Saturday 21 April 2018

Tomás Ó Sé: Brilliant defence no longer enough to topple big guns

This league will be especially interesting for the strategies employed by Tyrone and Donegal as everyone chases Dubs

Michael Murphy runs into Dublin traffic in the league last year, as he’s tackled by Eric Lowndes. The Donegal man acknowledges that they will have to alter their approach to have any chance of matching the Dubs. Photo: Philip Fitzpatrick/Sportsfile
Michael Murphy runs into Dublin traffic in the league last year, as he’s tackled by Eric Lowndes. The Donegal man acknowledges that they will have to alter their approach to have any chance of matching the Dubs. Photo: Philip Fitzpatrick/Sportsfile

Tomás Ó Sé

My uncle, Páidí, was inclined to place the National League somewhere between taxes and cold showers in terms of inconvenience.

He had little time for it. Even though Kerry won the league in only his second year as manager (1997), he just considered it a winter imposition best met with a weary shrug and a sprint for the hills as soon as business had been tended to.

During my time playing with the Kingdom, it wasn't until Jack O'Connor took over from Páidí that I remember any serious emphasis being put on having a serious crack off things in February, March and April.

Until then, we'd just get through the league, tipping along with our focus on using it largely as a training investment for the bigger stuff coming down the tracks.

It meant we found ourselves in some strange towns, playing games that barely forced us to get a serious sweat up.

And Ballyragget is one of the coldest places I remember.

David Clifford is ready to go. Photo: Piaras Ó Mídheach/Sportsfile
David Clifford is ready to go. Photo: Piaras Ó Mídheach/Sportsfile

We pitched up there in February of '99 for a Division 2A league game against Kilkenny that probably has the status today of some kind of historical novelty.

But that year, we were in the same division as the likes of Wicklow, Antrim, Limerick and London too, courtesy of a relegation embarrassment the previous season that was entirely of our own making.

And I have a vivid memory of warming up that day in Ballyragget, the wind howling, rain tipping down, and most of us looking at one another as if suspecting the Kerry bus had taken a wrong turn.

Barked I turned to Denis O'Dwyer at one stage. "What the f**k are we doing here?" I barked.

He looked at me, pointed over at Páidí and barked back, "Ask that yoke over there!"

We won the game by 20-odd points, duly gained promotion, then bowed out meekly enough at the quarter-final stage to Meath.

To us, that had been the height of our ambition. We had no interest in getting any further. None.

Kerry were expected to win the All-Ireland every year and, accordingly, the championship was the only show in town.

This was old-school Páidí. We prepared for summer, period.

Jack changed that, announcing at one of his first team-meetings: "We start taking the league seriously from now on!"

We'd win three of them under Jack, then go another eight seasons before Kerry won their 20th crown last year.

That win puts us eight league titles ahead of the next best, Dublin, on 12.

What would the score be I wonder if we'd ever really gone for broke?

Now the smart money this time seems to be on another Dublin-Kerry final on April 1, but I suspect we might get some dramatic twists and turns along the way.

Put it this way, I've seldom looked forward to a National League more. I think the top three divisions particularly are all set up to be unbelievably competitive.

This, I will admit, is the flip-side of last week's argument in which I was giving out about the squeeze inter-county is putting on the game at club and colleges level.

That argument still stands, the National League is simply the first beneficiary of that imbalance.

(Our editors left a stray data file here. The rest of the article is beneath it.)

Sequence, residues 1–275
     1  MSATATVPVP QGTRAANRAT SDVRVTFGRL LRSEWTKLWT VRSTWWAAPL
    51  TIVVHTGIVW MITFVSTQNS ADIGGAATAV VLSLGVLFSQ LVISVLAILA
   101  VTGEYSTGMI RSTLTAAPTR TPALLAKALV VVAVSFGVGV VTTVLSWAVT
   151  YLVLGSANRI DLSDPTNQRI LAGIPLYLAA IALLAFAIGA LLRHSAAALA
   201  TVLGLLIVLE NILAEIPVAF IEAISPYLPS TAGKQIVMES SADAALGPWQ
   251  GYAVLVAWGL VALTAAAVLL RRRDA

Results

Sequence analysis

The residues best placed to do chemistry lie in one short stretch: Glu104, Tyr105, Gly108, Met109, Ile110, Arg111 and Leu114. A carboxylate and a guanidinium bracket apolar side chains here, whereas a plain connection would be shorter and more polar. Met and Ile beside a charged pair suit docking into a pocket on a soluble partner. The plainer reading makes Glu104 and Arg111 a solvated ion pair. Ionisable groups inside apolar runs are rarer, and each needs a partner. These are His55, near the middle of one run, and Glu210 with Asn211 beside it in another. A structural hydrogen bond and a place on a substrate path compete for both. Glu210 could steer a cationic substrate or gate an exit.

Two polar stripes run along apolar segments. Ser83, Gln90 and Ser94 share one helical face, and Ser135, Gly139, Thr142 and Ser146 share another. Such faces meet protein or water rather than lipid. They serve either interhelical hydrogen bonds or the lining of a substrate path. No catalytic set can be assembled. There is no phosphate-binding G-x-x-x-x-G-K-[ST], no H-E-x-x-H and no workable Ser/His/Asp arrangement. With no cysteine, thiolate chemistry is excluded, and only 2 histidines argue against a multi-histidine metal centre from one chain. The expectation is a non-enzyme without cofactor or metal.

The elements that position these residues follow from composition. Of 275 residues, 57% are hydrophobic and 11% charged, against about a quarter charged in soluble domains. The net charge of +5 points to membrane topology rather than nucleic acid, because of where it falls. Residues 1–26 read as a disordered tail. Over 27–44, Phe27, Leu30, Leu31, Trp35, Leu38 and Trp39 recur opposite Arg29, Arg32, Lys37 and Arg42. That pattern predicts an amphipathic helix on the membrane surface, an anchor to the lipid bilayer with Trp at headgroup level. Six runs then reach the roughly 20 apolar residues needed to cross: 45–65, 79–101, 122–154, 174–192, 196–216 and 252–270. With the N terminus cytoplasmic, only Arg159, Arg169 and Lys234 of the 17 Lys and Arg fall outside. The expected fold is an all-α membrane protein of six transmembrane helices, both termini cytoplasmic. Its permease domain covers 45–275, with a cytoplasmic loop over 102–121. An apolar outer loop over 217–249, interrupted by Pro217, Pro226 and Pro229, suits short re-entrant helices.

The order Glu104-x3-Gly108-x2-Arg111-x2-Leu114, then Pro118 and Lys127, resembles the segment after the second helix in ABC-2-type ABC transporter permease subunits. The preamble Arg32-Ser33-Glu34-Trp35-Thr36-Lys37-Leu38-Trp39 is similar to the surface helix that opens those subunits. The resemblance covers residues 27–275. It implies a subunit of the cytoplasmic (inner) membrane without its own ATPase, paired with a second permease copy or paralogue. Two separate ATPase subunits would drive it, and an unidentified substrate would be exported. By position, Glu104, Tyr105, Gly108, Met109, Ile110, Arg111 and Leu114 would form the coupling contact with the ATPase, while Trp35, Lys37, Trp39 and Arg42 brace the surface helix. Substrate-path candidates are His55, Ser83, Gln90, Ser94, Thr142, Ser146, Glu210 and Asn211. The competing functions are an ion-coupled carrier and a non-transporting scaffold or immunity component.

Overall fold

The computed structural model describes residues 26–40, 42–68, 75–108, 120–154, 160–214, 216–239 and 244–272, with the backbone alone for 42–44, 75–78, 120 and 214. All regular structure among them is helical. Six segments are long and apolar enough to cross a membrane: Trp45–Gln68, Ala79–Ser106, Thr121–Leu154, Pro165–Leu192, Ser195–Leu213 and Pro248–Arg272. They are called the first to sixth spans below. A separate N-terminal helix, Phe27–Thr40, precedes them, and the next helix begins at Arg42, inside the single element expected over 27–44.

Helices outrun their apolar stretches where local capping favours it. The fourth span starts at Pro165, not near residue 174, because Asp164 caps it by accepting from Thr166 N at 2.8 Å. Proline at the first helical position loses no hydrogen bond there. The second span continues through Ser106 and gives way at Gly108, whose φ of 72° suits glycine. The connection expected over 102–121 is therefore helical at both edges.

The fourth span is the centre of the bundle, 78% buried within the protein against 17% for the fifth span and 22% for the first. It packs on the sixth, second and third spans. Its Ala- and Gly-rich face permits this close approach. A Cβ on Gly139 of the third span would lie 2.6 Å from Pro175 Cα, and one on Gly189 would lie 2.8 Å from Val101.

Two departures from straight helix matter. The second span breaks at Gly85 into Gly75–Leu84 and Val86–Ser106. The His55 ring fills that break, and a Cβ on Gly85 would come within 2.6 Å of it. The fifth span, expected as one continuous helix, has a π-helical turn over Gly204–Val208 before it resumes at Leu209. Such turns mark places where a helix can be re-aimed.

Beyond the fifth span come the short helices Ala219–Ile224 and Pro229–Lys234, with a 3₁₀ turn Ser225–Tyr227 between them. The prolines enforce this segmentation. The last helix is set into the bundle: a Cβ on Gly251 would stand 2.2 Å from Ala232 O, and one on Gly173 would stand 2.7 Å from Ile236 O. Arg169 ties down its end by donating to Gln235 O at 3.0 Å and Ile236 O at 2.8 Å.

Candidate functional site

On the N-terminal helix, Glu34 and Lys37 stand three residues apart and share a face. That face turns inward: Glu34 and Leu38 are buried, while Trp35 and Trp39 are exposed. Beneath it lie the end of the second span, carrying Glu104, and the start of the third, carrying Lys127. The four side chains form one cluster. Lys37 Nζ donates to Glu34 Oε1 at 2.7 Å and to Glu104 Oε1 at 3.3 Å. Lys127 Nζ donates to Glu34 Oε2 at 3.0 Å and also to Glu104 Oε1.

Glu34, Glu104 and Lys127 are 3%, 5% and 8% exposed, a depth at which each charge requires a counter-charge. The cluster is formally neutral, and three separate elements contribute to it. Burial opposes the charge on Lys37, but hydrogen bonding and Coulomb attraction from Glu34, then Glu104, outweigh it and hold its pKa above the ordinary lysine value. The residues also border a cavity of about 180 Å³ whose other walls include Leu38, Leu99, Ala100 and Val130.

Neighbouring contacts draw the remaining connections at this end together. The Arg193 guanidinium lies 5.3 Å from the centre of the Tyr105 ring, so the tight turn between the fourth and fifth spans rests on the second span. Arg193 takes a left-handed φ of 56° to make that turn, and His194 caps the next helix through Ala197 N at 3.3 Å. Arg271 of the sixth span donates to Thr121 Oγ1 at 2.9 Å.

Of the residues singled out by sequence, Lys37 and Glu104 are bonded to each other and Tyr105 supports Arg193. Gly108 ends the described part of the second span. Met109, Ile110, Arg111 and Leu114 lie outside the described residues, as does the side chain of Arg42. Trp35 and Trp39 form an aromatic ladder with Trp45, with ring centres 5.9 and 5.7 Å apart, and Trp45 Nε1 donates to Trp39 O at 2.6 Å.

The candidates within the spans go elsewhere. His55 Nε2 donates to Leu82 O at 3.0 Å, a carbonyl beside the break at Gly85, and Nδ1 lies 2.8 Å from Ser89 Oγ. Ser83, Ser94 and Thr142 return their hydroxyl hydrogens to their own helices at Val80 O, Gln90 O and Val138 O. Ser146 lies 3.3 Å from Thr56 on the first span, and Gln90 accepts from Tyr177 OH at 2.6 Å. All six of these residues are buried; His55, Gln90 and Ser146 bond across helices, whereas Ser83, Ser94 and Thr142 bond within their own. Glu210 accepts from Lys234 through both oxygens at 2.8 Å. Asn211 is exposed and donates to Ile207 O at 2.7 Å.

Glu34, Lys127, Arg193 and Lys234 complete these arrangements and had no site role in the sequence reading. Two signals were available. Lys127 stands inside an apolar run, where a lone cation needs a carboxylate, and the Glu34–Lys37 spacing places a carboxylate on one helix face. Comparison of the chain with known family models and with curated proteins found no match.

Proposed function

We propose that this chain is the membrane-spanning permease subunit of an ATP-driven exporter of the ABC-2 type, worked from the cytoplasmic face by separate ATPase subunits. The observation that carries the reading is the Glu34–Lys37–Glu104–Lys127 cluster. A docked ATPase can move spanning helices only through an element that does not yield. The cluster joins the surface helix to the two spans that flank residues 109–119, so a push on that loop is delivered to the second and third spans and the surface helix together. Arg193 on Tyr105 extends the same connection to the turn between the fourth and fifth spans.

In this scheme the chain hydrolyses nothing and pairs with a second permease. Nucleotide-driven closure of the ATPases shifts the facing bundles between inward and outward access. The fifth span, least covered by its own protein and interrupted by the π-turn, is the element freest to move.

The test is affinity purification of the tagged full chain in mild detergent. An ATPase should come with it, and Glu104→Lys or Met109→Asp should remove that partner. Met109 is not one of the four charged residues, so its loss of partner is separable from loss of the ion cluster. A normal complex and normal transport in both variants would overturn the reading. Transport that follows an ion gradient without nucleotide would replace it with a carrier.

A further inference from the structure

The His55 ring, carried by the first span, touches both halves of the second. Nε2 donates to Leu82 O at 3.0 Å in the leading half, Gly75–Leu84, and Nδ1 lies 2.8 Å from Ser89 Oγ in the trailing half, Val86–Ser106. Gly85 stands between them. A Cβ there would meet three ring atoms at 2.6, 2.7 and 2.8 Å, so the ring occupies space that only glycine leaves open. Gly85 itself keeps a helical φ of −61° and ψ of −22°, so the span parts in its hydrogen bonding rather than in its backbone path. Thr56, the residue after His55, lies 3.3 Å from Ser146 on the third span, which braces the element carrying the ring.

Seems to me the last few leagues gave teams a very clear picture of where they stood going into championship, which - let's be honest - wasn't always the case.

Everybody's goes 110pc in the league today and it's making for a compelling competition.

I thought Michael Murphy made a very interesting comment last week, suggesting that Donegal would have to change the way they played if they hoped to win another All-Ireland. I agree with him totally.

Put it this way, Jim McGuinness was a hugely radical, tactically inventive manager, a brilliant man whose achievement with that group was unbelievable. He brought something to the game that had never been seen before.

But Dublin figured it out and that system now has been blown out of the water. It's effectively obsolete.

Everybody saw what the Dubs did to Tyrone last August. It was absolutely clinical and it announced to the Donegals and Tyrones of this world that just to defend brilliantly will no longer be enough.

So Murphy was spot on last week. To beat the Dubs today, to beat the Kerrys and the Mayos, you're going to have to able to mix up your game, to run at them, to kick the ball long at times.

And that long kicking is absolutely crucial.

So many inter-county players simply don't have that skill anymore.

They've become slaves to this game of short, lateral handpassing, of moving up the field like an army passing rations across a river.

Dublin are still a small bit ahead of everyone in my opinion, but Mayo and Kerry are capable of breaking down any defensive unit now too. That's not by accident. The top teams stay the top teams because they constantly adapt.

Now, in fairness to Tyrone, I think they simply didn't perform against Dublin last year. But my point is that, even if they had, the Dubs would still have picked them off.

I suspect Mickey Harte knows now that, if they stick to last year's game-plan, they haven't a hope in hell of getting Sam.

And changing isn't exactly going to be as simple as flicking a switch. It has to be about investing greater trust in players and that doesn't happen overnight. My information is that the Tyrone players want that, they want to play a more open, more direct brand of football.

And that's where good management comes in. If Tyrone want to make that change, they've got to use this league to do it.

Imagine them trying that against the Dubs in Omagh on February 3? How fascinating would that be?

So this is going to be one of the most intriguing sub-plots to this league. Will the supposedly ultra-defensive teams change things up now?

One factor that really excites me about Kerry this year is the certainty that we're going to see an injection of youth.

There was huge disappointment in the county with how our championship ended last year but, that said, it's also clear as day we're not that far off Mayo.

And the dogs in the street can see that Mayo aren't far off Dublin.